When you're dealing with the web, it's usually not the speed of an individual request that matters, because it's not a realistic indicator of how the server will perform under load.
What you really want to know is whether your server can serve pages up fast enough for users to have a good experience under expected load conditions.
To answer that question, you should get a tool like WCAT or JMeter and simulate load against your server, then look for where the bottleneck is occuring (if there is any).
For example, say by looking at your Google Analytics or stats account, you know that the most users you have in a day is 500. You then decide that you want to support a peak of around 750 users per day. If you break that down (depending on whether your site is used 24x7 or 9x5), you might discover that the maximum simultaneous page requests you need to support is around 10.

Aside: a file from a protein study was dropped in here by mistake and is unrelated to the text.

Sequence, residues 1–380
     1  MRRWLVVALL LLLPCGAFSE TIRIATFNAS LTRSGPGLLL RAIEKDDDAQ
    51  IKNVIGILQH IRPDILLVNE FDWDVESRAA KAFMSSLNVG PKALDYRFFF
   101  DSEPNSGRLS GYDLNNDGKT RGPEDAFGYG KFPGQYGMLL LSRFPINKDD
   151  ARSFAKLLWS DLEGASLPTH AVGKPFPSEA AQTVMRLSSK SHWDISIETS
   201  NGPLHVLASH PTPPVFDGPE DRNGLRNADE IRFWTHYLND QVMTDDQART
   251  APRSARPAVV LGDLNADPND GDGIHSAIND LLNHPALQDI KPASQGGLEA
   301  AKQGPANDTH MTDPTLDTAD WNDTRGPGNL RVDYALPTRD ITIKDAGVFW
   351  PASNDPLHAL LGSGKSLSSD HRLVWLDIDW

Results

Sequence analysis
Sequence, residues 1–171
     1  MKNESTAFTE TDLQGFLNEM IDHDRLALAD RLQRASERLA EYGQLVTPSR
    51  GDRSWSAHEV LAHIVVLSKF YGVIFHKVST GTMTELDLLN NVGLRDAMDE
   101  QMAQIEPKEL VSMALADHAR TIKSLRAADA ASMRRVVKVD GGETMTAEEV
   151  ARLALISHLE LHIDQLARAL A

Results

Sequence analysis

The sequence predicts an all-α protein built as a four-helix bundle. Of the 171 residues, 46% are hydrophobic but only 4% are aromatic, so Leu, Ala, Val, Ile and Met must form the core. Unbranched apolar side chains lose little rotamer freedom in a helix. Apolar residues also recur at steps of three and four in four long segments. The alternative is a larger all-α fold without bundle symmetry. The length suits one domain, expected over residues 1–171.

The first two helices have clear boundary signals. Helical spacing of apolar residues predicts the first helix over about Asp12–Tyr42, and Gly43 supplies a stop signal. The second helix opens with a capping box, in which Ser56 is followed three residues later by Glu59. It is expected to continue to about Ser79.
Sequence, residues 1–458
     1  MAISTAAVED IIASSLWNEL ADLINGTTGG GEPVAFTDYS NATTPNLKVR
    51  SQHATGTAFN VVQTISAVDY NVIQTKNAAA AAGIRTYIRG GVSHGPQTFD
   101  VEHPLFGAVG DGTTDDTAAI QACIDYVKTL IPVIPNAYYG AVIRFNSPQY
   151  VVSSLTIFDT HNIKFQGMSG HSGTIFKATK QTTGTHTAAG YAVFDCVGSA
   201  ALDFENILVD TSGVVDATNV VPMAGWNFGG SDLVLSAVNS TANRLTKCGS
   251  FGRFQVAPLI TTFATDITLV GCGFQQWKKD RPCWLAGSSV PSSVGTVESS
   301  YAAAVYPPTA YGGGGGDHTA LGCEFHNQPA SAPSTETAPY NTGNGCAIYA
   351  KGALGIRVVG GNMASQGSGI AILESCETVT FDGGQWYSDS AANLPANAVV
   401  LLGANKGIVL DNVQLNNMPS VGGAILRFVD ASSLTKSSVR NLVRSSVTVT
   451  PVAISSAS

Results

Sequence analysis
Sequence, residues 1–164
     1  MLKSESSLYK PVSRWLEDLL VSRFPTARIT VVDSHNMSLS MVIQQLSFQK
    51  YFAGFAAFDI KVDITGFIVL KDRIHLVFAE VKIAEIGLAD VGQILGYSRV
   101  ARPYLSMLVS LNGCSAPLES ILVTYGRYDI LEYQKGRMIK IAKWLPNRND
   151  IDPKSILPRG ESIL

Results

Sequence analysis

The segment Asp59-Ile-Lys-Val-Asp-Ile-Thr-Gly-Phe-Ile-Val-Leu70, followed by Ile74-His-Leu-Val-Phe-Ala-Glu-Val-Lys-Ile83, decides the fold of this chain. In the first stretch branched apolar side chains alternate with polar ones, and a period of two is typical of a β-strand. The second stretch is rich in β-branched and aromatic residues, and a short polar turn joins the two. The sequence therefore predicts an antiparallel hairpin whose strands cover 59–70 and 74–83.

Then with WCAT or Jmeter you run a test that has 10 users simultaneously using the site and performing various operations. If the response time is acceptable (you could be the judge, but I would say less than 2 seconds for page load time), then you can stop there or continue to add users to see at what point the performance drops off.
Once you see the performance drop off, you then correlate that dropoff with what is going on with your server at that time. Are you getting a lot of hard page faults? Is CPU usage high? Is your DB overwhelmed?
Once you discover the bottleneck (if there is any), then you can look at ways to reduce the bottleneck. For example, if you are getting hard page faults and disk thrashing, maybe caching is the way to go.
But it's all about knowing what metrics you need to hit, testing against those, and uncovering and resolving bottlenecks.